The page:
Cobra Biomanufacturing plc (AIM: CBF), the international manufacturer of biopharmaceuticals, today announces the results of a five year research collaboration with the UK Ministry of Defence agency dstl, (Defence Science and Technology Laboratory), Porton Down, UK, on the development of an improved approach to oral vaccination that avoids the risks of using antibiotics or antibiotic-resistance genes.
Comparison of the ORT-VAC system with conventional bacteria vaccine strains show that, post administration, the ORT VAC product is stable and the conventional strains highly unstable. In other experiments reported in the same paper, using a rigorous plague challenge model in rodents, proof-of-principle results published today show that a single oral dose vaccine achieved a high level of immunity against plague.
The results of this research collaboration are published today in the prestigious peer reviewed journal Infection and Immunity (Volume 73, Issue: 4 Page 2005), published by the American Society of Microbiology [http://iai.asm.org/cgi/content/abstract /73/4/2005]
Commenting on the results, Dr David Thatcher, Cobra’s CEO, said: “Cobra’s scientists are renowned for their innovative approaches. Results from this publication could represent a breakthrough in vaccine strain development as they clearly demonstrate that ORT-VAC technology will allow the production and oral delivery of stable strains carrying a high number of copies of the vaccine gene per cell and therefore ORT-VAC strains are likely to have increased potency compared with conventional strains.”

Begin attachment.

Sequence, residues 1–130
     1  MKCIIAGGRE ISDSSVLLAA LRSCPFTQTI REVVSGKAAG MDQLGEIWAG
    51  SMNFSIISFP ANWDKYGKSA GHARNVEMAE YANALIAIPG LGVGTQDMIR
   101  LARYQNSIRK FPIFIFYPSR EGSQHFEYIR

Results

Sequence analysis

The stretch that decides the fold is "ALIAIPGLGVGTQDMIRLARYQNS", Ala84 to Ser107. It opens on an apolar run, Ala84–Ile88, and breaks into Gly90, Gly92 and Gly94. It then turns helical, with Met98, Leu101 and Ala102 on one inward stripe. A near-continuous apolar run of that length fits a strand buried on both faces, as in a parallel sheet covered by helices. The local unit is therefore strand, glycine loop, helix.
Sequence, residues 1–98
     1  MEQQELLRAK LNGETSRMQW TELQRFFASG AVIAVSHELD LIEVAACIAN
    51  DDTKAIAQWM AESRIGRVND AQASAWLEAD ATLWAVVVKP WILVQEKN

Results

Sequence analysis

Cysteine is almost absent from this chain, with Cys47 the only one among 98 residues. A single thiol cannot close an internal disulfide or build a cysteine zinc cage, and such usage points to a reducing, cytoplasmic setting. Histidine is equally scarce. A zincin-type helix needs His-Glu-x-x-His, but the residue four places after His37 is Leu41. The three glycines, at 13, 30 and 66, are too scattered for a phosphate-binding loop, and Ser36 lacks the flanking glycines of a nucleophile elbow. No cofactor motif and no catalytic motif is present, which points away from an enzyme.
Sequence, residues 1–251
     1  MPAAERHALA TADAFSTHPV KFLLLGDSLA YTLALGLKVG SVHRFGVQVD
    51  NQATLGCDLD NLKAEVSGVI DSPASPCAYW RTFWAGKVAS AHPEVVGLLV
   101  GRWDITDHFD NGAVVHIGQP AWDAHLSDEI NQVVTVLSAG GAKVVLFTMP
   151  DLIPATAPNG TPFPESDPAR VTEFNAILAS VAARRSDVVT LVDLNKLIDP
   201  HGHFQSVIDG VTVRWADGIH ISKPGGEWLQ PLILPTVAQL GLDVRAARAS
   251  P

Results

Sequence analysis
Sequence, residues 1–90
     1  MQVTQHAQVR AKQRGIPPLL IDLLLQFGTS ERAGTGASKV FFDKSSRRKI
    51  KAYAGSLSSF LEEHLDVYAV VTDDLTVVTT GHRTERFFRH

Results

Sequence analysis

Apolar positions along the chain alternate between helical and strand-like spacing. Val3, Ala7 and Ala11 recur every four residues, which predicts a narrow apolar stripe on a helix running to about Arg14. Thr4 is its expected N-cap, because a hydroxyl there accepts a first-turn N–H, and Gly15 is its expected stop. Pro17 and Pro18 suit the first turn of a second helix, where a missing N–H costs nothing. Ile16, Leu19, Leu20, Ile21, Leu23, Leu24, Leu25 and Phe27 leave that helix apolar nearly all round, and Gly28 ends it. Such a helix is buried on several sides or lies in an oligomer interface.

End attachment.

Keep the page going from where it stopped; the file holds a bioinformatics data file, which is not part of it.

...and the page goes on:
Continuing Dr Thatcher says: “The results also show that approaches to the development of high potency oral vaccine strains, using conventional molecular biology, lead to strains which rapidly lose their component antigen genes after administration and therefore are potentially less effective compared with the fully stabilised ORT-VAC vaccines. ORT-VAC approach avoids use of live bacteria which are antibiotic resistant and carry a serious potential of generating antibiotic resistant infection.”
The ORT-VAC technology allows easy oral administration and cost effective manufacture of vaccines. It is readily applicable to convert any suitable bacteria strain to an antibiotic–free ORT strain for DNA and recombinant protein vaccine delivery in humans. Recombinant protein vaccines are becoming increasingly important as a prophylaxis and as a therapy. ORT-VAC vaccines will have applications in cancer, HIV/Aids and tuberculosis as well as newly emerging diseases, such as avian flu. It will also have utility against diseases such as anthrax posed by the threat of bioterrorism.
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